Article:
The TS/Q Cube is furnished rather sparely with a rectangular teak conference table having a central pillar, surrounded by four Aeron chairs.  The floor is raised – two steps up bring you to the gate of the internal Faraday cage, which is constructed from a perforated metal grill material similar to that found in the windows of microwave ovens.  No electromagnetic radiation outside of a narrow range of visible frequencies can escape the Faraday cage.  An no visible light can escape the Cube, of course, since the cage itself is encased inside four walls, a ceiling and a raised floor behind a mechanically locking outer door leading to the corridor.   The walls, ceiling and the raised floor outside the Faraday cage are covered with anechoic, sound absorbing material capable of reducing a 140 decibel gun blast to five micro-Pascals.  Not even the wiring for the lights inside the Cube goes outside the Faraday cage – there’s a pack of rechargeable batteries built into the conference table pillar.  They’re good for eight hours of continuous operation, after which I have to switch them out with another pack from a recharger located outside the Cube.  In short, it’s the perfect place for a complete paranoid to have a nice, private conversation.  Once the three of us were there, I could see Hank and Shannon finally relax, if only slightly.
“Rose and Arthur,” I reminded them, “are really worried about you two, not to mention Rose being mad as a scalded chicken, Hank.  And without you, Shannon, Arthur just mopes around all the time like a lost puppy; it’s pathetic.  They’re barely scraping by, taking care of your kids while you both run around West Virginia preparing for the Invasion of the UN Black Helicopters or whatever.  So come on now, it’s high time you returned to Fairfax and started looking for jobs again, okay?  The economy is improving and things are…”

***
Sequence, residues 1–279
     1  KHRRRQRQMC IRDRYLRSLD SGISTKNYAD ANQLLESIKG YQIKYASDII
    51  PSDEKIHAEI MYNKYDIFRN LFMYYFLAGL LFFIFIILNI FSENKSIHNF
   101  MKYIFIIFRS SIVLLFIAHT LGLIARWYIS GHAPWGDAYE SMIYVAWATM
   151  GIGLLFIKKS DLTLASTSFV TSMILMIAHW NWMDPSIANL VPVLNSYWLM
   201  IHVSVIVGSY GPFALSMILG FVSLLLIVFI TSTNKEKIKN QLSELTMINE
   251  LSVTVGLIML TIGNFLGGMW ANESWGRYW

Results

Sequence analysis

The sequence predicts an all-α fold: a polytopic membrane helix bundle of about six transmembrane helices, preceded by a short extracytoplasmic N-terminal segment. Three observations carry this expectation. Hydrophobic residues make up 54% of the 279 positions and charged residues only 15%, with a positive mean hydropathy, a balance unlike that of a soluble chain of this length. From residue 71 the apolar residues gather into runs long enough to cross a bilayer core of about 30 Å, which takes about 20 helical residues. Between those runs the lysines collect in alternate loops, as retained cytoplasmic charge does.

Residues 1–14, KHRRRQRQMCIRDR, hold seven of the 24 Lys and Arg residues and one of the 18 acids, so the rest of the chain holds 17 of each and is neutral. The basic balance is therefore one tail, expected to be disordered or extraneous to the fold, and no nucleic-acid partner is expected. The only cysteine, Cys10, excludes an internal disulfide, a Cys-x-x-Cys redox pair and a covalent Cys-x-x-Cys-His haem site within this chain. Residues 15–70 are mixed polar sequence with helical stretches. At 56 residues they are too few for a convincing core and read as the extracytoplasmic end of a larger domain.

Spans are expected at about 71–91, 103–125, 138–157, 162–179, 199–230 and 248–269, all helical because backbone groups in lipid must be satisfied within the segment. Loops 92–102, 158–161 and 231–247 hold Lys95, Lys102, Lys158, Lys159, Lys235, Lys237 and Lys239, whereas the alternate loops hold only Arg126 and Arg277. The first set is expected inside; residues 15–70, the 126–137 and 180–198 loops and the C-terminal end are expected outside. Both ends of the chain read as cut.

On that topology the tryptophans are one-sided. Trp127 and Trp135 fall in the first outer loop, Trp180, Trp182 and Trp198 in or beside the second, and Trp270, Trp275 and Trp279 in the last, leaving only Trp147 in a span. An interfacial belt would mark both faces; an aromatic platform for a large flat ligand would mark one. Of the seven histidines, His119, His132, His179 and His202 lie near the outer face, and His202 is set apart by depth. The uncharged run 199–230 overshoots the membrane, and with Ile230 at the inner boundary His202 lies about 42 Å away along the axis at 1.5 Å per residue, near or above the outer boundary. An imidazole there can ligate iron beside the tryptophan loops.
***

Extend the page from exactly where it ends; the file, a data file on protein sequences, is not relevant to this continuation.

“The economy?” Shannon exploded.  “How can you talk about the economy at a time like this?”
“At time like what?” I asked.
“The federal government has been tapping our phones!” Hank shouted.
“The NSA has been peeking through back doors at Facebook, Google, Yahoo, Microsoft, AOL, Apple, Skype, YouTube… you name it, they’re spying on us with it!” Shannon shrieked.
“Yeah!” Hank bellowed, “They have PRISM looking straight up all our [expletive] and you want to talk about the [expletive] economy?”
“President Obama…” I began.
“You mean the Antichrist?” Shannon spat.  “What about him?”